Cowboy Bebop #1 Review: A Jazzy Interpretation of an Iconic Anime

Cowboy Bebop is considered a classic, and you don't have to dig deep to find the reason. Director Shinichiro Watanabe and writer Keiko Nobumoto created a truly expansive universe for the Bebop crew to explore, and fans were sucked in by its genre-bending style. Last year Netflix gave its own take on the franchise, and Titan Comics is now doing the same. This week Cowboy Bebop #1 goes live and delivers a jazzy interpretation of the iconic anime that's easy for fans to enjoy.

Written by Dan Watters, this limited-run series brings the Bebop crew together for a new mission known as "Supernova Swing." The pacing is as brisk as you'd expect from the title, and Watters nails the crew's dynamics in the first few pages. Readers begin at the start of a job where things quickly go belly up. Faye's sardonic tone is met easily by Spike's unwavering sarcasm, but both of the pair are toned down by Jet Black. Even Ein manages to weasel in some cute asides, but these light moments are sandwiched into a lengthy mission brief.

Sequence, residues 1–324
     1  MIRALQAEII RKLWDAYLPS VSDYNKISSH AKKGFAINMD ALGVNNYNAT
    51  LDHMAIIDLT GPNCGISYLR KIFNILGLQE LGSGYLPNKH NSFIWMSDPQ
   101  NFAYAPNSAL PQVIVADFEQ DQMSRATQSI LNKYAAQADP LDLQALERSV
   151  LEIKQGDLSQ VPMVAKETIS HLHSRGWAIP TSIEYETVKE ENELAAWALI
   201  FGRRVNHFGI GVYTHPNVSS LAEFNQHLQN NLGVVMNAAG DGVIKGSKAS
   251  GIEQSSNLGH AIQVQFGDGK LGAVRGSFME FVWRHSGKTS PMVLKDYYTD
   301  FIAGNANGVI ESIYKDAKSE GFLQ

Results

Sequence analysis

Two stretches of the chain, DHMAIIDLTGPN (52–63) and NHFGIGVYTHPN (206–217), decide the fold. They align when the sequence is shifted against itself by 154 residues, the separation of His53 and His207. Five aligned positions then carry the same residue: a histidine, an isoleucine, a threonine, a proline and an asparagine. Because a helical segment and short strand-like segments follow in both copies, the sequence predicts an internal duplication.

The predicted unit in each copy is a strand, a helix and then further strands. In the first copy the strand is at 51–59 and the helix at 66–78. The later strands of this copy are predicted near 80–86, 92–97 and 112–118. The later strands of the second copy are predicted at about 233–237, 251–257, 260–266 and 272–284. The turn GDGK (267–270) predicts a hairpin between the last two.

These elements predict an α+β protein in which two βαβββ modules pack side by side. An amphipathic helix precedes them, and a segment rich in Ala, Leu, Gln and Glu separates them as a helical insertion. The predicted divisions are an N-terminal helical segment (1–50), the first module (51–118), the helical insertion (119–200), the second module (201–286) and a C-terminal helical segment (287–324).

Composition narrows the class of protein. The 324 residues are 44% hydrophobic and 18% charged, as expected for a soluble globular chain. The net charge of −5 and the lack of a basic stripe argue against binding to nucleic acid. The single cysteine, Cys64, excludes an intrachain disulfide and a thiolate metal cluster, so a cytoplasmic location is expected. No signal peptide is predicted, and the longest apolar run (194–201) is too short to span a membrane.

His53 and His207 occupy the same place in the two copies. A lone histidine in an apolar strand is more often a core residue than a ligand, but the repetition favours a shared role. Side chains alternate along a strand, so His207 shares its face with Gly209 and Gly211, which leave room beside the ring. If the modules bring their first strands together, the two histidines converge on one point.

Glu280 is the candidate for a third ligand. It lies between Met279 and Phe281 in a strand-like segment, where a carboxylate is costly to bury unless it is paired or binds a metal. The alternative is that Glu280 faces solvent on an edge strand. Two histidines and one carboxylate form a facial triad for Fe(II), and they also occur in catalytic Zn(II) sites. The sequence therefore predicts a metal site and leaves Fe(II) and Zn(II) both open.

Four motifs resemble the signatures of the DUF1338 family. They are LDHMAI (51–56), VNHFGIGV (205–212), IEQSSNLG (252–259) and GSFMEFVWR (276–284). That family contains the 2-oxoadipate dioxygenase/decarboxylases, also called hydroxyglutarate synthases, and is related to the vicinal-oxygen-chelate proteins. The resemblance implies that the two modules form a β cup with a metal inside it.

(Photo: Titan Comics)

This original Cowboy Bebop narrative puts the Bebop in line for a bounty after a scientist known as Melville pulls off a truly incredible heist. Things get messy when a massive bounty is placed on the man, and the Syndicate's involvement ends up hastening the gig. But as this first issue unfolds, fans are given reason to believe that this target isn't as bad as we may initially believe.

Watters' story doesn't rewrite the tone of Cowboy Bebop; it feels like a faithful interpretation of Nobumoto's original work. It is unpredictable, irreverent, and quiet when called upon. The issue is simple enough to appease longtime fans, but artist Lamar Mathurin and colorist Roman Titov take this debut to new heights.

Cowboy Bebop's art is celebrated to this day for its use of color and detail to make its universe feel big. Mathurin aand Titov honed into that fact while adding their own distinct style to the Bebop crew. The fights are inked bloody, and each member of the team is given tiny tics which make them feel real. This issue succeeds in making the Cowboy Bebop-world lived in where Netflix failed. And with more issues on the way, it's safe to say fans will want to jam with this Titan miniseries a bit longer.

Published by Titan Comics

On January 26, 2022

Written by Dan Watters

Art by Lamar Mathurin

Colors by Roman Titov

Letters by Richard Starkings and Jimmy Betancourt

Cover by Stanley Lau